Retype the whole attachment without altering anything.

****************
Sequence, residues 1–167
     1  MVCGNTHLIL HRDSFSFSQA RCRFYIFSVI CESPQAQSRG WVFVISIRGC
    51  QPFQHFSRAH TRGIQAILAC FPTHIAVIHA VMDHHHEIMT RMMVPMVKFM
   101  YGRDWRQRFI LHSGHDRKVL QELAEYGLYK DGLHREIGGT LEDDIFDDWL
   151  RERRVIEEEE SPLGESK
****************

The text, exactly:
Sequence, residues 1–167
     1  MVCGNTHLIL HRDSFSFSQA RCRFYIFSVI CESPQAQSRG WVFVISIRGC
    51  QPFQHFSRAH TRGIQAILAC FPTHIAVIHA VMDHHHEIMT RMMVPMVKFM
   101  YGRDWRQRFI LHSGHDRKVL QELAEYGLYK DGLHREIGGT LEDDIFDDWL
   151  RERRVIEEEE SPLGESK